June 15 (Bloomberg) -- Canada’s two biggest railways are under pressure from government and customers to reduce delays, with investors profiting from Canadian National Railway Co.’s performance and losing on Canadian Pacific Railway Ltd.
Transport Minister Denis Lebel is promising legislation to give rail customers a faster way to settle disputes and the right to a service agreement. Sixty-two percent of shippers said they lost money because of late trains in 2009, according to a March government report on the industry.
The rail companies say case-by-case service contracts with customers will ensure more timely delivery than regulation would. CN shares have given investors a total return of 12.7 percent so far this year, while CP shares have lost 6.3 percent as earnings were hurt by delays linked to winter storms and flooding. Canada’s benchmark stock index has fallen 1.5 percent over the same period.
“There has been some tangible evidence of improvement with CN,” said Stephen Boland, an equity analyst at Vancouver-based investment-management company Odlum Brown Ltd., which oversees C$7.5 billion ($7.7 billion). “CN did a very good job working through the challenging weather, whereas for CP there was a significant impact on earnings.” He rates CN shares a “buy” and doesn’t rate CP.
CP’s first-quarter earnings fell 65.6 percent from the year-ago period. The company cited “unusually severe winter weather, decreasing shipping volumes and increasing costs.” Chief Operations Officer Ed Harris retired April 1 after less than a year. CN first-quarter earnings rose 12.5 percent.
CN’s second-quarter earnings will probably grow 11.7 percent versus a CP gain of 0.3 percent, according to Bloomberg consensus estimates combining 26 responses.
Standard & Poor’s cut its debt rating on CP to BBB- from BBB on May 17, citing “the company’s slower pace of deleveraging relative to our previous expectations.” S&P rates CN debt A-, three steps higher.
The world’s 11th-biggest economy is the sole Group of Seven nation that’s a major commodity exporter; those goods made up half of foreign shipments last year and 16 percent of gross domestic product amid growing demand from emerging markets.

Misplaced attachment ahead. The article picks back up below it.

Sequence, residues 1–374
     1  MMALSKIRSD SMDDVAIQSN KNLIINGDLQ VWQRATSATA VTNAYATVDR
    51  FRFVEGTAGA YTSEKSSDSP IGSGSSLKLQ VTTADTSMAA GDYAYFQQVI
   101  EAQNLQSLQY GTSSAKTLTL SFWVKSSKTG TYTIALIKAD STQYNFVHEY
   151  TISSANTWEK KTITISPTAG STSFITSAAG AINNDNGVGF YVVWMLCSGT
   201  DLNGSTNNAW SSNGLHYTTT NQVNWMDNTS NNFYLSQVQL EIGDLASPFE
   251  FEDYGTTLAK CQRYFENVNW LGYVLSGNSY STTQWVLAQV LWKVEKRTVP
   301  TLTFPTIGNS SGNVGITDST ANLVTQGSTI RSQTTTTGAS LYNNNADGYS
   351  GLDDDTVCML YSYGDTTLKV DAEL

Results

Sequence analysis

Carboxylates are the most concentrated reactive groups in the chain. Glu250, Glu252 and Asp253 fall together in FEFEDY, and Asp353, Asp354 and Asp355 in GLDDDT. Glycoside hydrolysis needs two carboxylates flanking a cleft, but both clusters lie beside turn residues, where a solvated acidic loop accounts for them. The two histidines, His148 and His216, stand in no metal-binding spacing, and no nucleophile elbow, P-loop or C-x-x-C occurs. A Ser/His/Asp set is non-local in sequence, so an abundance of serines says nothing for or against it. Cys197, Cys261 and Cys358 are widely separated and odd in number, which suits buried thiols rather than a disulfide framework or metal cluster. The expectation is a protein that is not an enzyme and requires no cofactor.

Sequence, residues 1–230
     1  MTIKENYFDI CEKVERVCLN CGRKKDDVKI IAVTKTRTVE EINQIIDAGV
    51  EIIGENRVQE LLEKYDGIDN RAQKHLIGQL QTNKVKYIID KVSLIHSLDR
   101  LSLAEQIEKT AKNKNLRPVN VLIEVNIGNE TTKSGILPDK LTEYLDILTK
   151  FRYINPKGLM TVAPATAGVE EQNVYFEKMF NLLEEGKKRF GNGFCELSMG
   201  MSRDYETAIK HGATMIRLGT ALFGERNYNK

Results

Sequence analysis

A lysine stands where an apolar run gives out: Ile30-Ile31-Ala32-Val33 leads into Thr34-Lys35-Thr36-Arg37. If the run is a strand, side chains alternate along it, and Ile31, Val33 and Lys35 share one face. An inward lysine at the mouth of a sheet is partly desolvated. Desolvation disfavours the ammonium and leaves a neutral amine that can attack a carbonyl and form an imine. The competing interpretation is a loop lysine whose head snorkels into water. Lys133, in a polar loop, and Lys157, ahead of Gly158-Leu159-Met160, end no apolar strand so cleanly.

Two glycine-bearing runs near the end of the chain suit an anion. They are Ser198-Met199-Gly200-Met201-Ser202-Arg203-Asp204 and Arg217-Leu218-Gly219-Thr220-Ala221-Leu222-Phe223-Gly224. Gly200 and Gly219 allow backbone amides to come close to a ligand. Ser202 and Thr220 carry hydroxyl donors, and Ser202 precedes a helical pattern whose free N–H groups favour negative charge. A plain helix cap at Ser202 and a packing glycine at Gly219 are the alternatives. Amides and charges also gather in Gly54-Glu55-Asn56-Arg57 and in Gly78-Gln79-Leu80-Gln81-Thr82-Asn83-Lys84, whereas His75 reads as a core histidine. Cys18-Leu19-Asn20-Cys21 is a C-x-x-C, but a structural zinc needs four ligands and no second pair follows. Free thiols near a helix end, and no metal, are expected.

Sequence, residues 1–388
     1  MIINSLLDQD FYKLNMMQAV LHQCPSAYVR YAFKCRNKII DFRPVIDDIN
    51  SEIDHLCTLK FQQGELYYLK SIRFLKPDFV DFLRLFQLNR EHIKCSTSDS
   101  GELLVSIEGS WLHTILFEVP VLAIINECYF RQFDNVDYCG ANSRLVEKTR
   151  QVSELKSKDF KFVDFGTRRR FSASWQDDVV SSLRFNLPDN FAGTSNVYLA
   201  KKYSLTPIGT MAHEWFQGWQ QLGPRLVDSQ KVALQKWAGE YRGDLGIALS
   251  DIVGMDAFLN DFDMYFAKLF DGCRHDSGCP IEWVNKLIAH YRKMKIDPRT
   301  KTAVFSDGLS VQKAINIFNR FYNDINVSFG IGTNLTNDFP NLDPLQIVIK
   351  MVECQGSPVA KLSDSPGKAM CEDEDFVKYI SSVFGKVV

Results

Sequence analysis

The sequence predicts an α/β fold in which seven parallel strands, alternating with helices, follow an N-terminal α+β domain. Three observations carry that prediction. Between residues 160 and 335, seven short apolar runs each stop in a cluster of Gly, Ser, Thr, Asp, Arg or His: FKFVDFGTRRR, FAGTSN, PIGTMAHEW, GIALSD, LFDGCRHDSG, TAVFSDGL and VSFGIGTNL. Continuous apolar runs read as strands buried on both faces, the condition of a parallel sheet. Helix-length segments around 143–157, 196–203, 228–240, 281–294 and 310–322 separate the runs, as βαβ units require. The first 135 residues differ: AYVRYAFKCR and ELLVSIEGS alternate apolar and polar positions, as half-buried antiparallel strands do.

“The railroads needed someone to say to them that 70, 85 percent service isn’t acceptable” said Chris McIver, vice president of sales at West Fraser Timber Co., North America’s largest maker of lumber for building construction. To improve service, “our preference is to do it between ourselves and the railroads, and have government there as a bit of a watchdog.”
Vancouver-based West Fraser ships about half of its production using CN Rail. McIver says it has also found bottlenecks with trucking companies and at ports where lumber is reloaded into containers.
Shares of West Fraser have fallen 17.6 percent since a May 3 earnings report showing first-quarter profit of C$0.30 per share, below analyst estimates of C$0.87 per share. Lumber shipments were 11 percent below production in the first quarter because of transport difficulties and weaker demand, President Henry Ketcham said on a May 4 earnings call.
West Fraser said 30 percent of its spruce, pine and fir exports went to Asia in the first quarter, up from 20 percent a year earlier and almost nothing five years ago.
“We would do probably more business over there if we could make the logistics work,” McIver said. “We have missed some opportunities and we are all trying to miss as few as we can.”
West Fraser isn’t alone: 45 percent of rail customers surveyed in 2009 said their satisfaction had declined in the prior three years, according to the government rail review. Grain shippers received 90 percent or more of the cars they requested only about half the time.